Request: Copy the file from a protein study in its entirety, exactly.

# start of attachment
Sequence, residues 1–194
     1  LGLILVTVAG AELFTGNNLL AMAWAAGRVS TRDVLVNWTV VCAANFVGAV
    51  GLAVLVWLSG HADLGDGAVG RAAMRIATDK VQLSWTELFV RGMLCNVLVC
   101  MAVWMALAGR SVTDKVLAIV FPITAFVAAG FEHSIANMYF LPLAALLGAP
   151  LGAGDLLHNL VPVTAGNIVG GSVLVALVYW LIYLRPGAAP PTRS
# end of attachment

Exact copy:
Sequence, residues 1–194
     1  LGLILVTVAG AELFTGNNLL AMAWAAGRVS TRDVLVNWTV VCAANFVGAV
    51  GLAVLVWLSG HADLGDGAVG RAAMRIATDK VQLSWTELFV RGMLCNVLVC
   101  MAVWMALAGR SVTDKVLAIV FPITAFVAAG FEHSIANMYF LPLAALLGAP
   151  LGAGDLLHNL VPVTAGNIVG GSVLVALVYW LIYLRPGAAP PTRS